With 3D printing, consumers can customize their designs. Once you start thinking digital products rather than physical ones, new possibilities emerge. Unlike conventional goods that are difficult and expensive to customize, digital products are much cheaper and easier to change. Digitization of goods opens a way to satisfy a broader range of customer preferences.
3 New distribution models and shifted profits
3D printers can alter distribution models just as the Internet has altered music, text, and video consumption. Just like iTunes replaced physical music stores, the 3D printer has the potential to disrupt logistics and sells of physical goods.
All 3D printed objects start with a digital model. And once an object is digital, it can be easily stored, transported, and modified. Decentralized production networks mean new business models and regional strategies are possible. The company can post digital files of its products or parts of its products on its website for direct downloading (like Nokia tried) or posting these files on a digital 3D printing retailer.
To be able to print locally will save shipping costs and shipping time. For some industries, that means huge competitive advantages. Spare parts can be manufactured on demand at decentralized locations. If a component fails, it will be reproduced directly on-site.
Pioneers of additive manufacturing underline the possibility to return the value created by production from low-wage countries to traditional development and industrial locations in Europe or the USA.
4 Medical innovations and bioprinting
3D printing is making rapid progress in the medical and dental fields. Today, most hearing aids and dental implants are 3D printed in the US. 3D printing has enabled the creation of high-dose pills: you can customize and control the speed and strength of delivered dosage reliably.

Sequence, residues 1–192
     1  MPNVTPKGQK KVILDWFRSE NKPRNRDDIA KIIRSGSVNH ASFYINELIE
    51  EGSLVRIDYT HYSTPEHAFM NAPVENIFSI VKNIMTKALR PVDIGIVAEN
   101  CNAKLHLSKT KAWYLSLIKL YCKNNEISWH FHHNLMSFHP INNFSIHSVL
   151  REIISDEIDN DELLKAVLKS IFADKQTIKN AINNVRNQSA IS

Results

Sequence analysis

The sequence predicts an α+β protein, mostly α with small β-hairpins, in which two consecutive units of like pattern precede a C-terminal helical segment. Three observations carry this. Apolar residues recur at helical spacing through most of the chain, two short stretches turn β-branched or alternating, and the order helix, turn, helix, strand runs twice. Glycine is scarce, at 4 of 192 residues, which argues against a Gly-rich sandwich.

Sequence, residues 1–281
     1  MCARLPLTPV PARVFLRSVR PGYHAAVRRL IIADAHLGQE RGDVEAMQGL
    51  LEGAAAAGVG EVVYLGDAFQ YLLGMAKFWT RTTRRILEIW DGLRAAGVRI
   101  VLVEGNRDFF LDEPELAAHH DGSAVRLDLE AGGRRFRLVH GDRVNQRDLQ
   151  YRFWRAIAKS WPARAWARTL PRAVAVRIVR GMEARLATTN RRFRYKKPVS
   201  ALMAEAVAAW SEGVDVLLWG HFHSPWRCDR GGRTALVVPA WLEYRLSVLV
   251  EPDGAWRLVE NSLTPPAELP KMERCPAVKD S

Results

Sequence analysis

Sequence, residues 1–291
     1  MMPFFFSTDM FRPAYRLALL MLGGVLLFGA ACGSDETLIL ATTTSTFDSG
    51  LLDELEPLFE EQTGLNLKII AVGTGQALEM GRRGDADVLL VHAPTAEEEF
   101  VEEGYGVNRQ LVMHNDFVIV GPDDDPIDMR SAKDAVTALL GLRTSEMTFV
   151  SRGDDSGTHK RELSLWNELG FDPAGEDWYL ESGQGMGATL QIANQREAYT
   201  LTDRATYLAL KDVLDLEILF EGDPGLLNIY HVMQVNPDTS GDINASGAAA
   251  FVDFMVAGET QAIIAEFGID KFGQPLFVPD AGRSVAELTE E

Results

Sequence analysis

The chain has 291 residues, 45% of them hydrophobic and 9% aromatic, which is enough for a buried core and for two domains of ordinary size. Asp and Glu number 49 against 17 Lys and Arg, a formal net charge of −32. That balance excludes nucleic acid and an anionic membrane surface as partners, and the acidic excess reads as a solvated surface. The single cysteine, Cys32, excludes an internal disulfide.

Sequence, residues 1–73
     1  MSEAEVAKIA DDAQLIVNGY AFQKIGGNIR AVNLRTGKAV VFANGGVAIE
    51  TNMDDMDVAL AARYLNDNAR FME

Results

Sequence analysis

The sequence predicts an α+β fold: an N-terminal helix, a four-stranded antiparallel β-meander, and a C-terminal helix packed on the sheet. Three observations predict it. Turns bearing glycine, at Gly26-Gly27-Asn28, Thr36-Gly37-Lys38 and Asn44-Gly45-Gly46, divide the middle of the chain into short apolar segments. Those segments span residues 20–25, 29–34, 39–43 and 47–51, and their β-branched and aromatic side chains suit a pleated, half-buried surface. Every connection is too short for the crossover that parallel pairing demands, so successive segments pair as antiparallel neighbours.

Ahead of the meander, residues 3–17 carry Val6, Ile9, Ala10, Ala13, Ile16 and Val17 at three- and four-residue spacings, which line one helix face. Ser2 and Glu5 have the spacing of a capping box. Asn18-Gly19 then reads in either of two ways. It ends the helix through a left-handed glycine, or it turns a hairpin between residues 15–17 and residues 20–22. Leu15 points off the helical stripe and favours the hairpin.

Companies are inventing new business models, opening digital print centers for additive dental prostheses. Compared to traditional dental laboratories, digital manufacturing is extremely cost-efficient (at least half the price) and offer enormous benefits in terms of quality. 3D printing is also being used to create affordable prosthetics, light and durable.
Bone reconstruction technologies with the help of three-dimensional structures are being developed. Such structures are open for the tuning of chemical and mechanical properties while copying the outer form of the required bone.
A number of startups are actually exploring 3D printing as a way to create human skin and organs. We are not so close to a mass replacement of body parts yet, but a company called Organovo is already 3D printing liver and kidney tissues.
5 Power of making democratized with 3D printing
During the course, some academic insights about the topic of 3D printing were mentioned. Researchers at Michigan Tech University conducted an interesting experiment published in Metronics journal in 2013. In order to determine how much money 3D printing could save, they printed common household objects instead of buying them.
They downloaded twenty digital designs from thingiverse.com and printed them on a low-cost desktop 3D printer: an iPhone doc, a showerhead, a paper towel holder, etc. The printing cost in terms of both energy and materials was less than $20. In comparison, it would have cost them at least $300 to buy them from a store.
The study at the University of Illinois showed a stark difference between groups making common 3D printed objects and buying them from the shop. Students who printed objects exhibited higher levels of loyalty, they felt a closer connection with these objects and were willing to pay almost 50% more for them.
Desktop 3D printers are going to democratize the power of making and to give consumers more control over the things they consume.
Olesya Zaytseva, founder of Just Translate It, is a proficient translator and marketer with 20+ years of experience bringing her clients’ marketing communications to the next level through content translation, creation and promotion. Pursuing writing, archery, and combinatorial creativity. English and German into Russian.